(also caddis fly)
noun (plural caddisflies)
A small, mothlike insect with an aquatic larva that typically builds a protective, portable case of sticks, stones, and other particles. Some kinds have been traditionally used as bait by fishermen.
- Order Trichoptera: several families.
- Every day the sun sets behind blurred clouds of stonefly, caddis, midge or mayfly dancing against the horizon.
- The key to the transformation is that the oxygen has increased the number of invertebrate the fish feed on from about five to 30 including freshwater shrimp, water louse and a caddis which only thrives in pristine waters.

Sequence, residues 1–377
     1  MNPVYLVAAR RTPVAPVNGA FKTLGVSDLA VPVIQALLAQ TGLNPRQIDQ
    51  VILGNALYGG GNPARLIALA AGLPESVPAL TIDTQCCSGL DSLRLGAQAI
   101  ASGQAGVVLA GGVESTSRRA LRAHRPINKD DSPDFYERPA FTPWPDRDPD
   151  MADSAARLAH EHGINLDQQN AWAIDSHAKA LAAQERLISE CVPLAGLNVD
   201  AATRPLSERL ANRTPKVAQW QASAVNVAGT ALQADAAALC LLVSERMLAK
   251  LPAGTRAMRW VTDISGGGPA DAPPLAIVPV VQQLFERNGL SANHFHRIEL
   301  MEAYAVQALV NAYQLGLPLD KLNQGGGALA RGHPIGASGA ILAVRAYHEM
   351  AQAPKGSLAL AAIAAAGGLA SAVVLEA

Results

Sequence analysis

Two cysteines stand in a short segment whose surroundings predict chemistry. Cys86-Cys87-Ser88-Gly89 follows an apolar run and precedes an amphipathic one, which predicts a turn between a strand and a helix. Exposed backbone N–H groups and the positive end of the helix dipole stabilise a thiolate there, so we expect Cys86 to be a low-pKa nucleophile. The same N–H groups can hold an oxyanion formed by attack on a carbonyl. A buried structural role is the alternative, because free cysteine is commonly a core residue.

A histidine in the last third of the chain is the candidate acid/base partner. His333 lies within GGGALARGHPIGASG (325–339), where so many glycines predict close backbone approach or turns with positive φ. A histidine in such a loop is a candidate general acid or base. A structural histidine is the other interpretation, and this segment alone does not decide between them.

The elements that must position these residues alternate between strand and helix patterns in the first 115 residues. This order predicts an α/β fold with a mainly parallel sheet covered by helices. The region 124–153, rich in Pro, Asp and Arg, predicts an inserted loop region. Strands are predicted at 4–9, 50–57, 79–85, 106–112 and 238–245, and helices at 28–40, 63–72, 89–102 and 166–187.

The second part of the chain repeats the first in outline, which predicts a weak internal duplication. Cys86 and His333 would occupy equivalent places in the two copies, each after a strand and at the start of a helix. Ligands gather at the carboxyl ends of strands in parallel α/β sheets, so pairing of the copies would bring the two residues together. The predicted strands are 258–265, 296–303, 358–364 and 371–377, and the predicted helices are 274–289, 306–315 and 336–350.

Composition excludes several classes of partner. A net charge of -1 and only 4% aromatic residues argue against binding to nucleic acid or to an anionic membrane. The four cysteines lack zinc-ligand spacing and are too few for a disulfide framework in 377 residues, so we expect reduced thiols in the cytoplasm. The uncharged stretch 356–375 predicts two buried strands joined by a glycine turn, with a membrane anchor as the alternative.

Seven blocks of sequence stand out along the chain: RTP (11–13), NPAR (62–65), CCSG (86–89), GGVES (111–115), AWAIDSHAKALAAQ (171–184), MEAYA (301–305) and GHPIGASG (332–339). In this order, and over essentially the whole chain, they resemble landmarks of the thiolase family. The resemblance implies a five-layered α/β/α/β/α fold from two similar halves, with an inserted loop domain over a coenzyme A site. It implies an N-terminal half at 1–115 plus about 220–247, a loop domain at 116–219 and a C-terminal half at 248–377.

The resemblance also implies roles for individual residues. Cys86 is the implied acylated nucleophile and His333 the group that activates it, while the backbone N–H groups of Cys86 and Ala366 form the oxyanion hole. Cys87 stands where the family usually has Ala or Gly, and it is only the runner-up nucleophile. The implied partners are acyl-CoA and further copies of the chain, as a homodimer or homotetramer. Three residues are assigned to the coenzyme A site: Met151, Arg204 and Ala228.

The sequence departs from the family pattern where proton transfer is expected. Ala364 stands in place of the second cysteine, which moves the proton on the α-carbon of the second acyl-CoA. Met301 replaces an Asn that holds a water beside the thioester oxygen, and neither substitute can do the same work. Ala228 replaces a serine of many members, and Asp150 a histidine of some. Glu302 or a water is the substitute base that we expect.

- It included specimens of fourteen insect orders, with major holdings of New Zealand moths, butterflies, beetles, stoners, caddis and bugs.
Mid 17th century: of unknown origin.
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